Social entrepreneurs are people who start companies not primarily to make money, but to make the world better. Their learning is the focus of a new PhD thesis.
Duncan Levinsohn has been working with a Sida-supported organisation that organises short and intensive courses – so-called accelerators – for social entrepreneurs. He has studied how social entrepreneurs’ learning develops in accelerators – and the impact it has on participants’ enterprises.
Many scientists have to wait for years before their research is put to practical use. But Duncan was able to see immediate results, since the design of each new accelerator was based on the results of his research.
“I would interview the participants on Friday and be expected to report by the following Wednesday”, says Duncan. “It was challenging but great fun! I also had an ongoing dialogue with accelerator staff. At times they questioned my findings – or added to them, and that is of course is much better than publishing a lot of nonsense.”
Entrepreneurs are practical people who often learn by testing ideas. Nonetheless, a significant proportion still do some kind of training in entrepreneurship. However, most research on entrepreneurs’ learning topic focuses on their learning as they start their own businesses. Only a handful of researchers have looked at the learning of entrepreneurs in accelerators and Duncan is one of the first to focus on the learning of social entrepreneurs.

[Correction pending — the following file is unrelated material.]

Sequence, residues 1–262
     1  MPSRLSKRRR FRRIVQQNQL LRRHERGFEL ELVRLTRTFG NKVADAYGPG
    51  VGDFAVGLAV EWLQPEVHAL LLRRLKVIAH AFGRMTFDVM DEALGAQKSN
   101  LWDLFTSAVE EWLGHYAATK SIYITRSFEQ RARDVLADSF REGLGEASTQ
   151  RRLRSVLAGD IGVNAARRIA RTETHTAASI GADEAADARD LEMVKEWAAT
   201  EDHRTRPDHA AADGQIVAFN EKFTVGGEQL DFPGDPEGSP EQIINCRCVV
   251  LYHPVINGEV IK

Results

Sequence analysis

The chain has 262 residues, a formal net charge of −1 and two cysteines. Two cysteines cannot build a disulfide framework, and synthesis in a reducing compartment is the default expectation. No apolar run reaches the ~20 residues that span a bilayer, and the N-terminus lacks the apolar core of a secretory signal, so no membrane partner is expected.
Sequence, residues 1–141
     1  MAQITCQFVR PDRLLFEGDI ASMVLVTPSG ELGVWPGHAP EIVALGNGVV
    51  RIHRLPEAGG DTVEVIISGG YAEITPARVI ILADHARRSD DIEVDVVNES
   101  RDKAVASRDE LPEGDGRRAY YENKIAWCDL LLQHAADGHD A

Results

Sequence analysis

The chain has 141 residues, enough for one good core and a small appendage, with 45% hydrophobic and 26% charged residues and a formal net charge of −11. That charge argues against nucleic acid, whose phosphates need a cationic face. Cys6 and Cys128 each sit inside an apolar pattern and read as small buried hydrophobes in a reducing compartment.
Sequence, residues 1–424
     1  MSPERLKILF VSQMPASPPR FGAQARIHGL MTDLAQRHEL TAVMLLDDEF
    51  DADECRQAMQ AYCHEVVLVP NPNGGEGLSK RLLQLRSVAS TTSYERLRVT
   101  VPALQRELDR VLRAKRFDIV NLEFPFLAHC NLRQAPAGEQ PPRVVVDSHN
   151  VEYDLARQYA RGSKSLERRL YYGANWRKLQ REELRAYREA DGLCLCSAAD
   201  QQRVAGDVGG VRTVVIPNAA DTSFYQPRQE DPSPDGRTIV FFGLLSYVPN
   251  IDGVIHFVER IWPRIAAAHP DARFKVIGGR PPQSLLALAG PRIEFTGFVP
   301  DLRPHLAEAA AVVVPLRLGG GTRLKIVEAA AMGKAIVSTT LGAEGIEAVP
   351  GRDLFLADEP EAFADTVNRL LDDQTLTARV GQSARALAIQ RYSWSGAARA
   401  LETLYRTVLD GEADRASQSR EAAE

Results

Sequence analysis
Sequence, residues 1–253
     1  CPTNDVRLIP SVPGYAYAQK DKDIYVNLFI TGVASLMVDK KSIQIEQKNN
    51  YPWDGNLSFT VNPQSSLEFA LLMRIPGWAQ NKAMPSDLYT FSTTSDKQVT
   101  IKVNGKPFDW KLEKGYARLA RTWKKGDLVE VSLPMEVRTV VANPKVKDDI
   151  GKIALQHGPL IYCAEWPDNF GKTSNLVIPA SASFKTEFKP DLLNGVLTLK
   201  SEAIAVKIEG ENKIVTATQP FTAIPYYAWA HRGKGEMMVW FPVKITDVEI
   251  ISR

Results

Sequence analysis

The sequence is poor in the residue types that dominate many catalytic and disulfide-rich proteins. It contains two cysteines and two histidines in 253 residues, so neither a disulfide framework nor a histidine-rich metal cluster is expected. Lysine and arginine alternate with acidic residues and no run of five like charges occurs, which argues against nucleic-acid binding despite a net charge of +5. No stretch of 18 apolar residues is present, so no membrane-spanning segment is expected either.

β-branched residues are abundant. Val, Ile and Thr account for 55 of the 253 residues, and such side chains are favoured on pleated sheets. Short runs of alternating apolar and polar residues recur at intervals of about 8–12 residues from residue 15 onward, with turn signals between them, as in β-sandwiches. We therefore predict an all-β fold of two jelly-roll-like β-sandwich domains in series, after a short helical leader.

“Our welfare costs more and more, and the world is facing major social and environmental challenges. That makes social entrepreneurs increasingly important in society, and so it is crucial that we understand what makes their enterprises succeed and how they learn”, he says.
For three years Duncan studied the experiences of twenty-four social entrepreneurs who participated in three different accelerators. He has looked at what happens during and after the programme - and at how social entrepreneurs’ enterprises developed. Nonetheless, his main focus has been on the learning process.
“What I have come to understand is that learning in an accelerator is something we create together”, says Duncan. “Starting out I thought that I would find the perfect educational setup, but then I realized it is impossible. Each participant brings their own expectations, background and plans. That makes each course different, even if the design of the accelerator stays about the same.”
Duncan is particularly interested in social entrepreneurs operating in emerging economies. The entrepreneurs who participated in the accelerators he studied came from all parts of the world. They had very different backgrounds, ranging from former child soldiers to senior managers. This gave rise to fruitful interaction and at times, even conflict, and Duncan comments that he was often moved by participants’ stories.
“This type of research engages the heart!”
Duncan Levinsohn successfully defended his thesis No Entrepreneur is an Island: An Exploration of Social Entrepreneurial Learning in Accelerators on June 5 at Jönköping International Business School.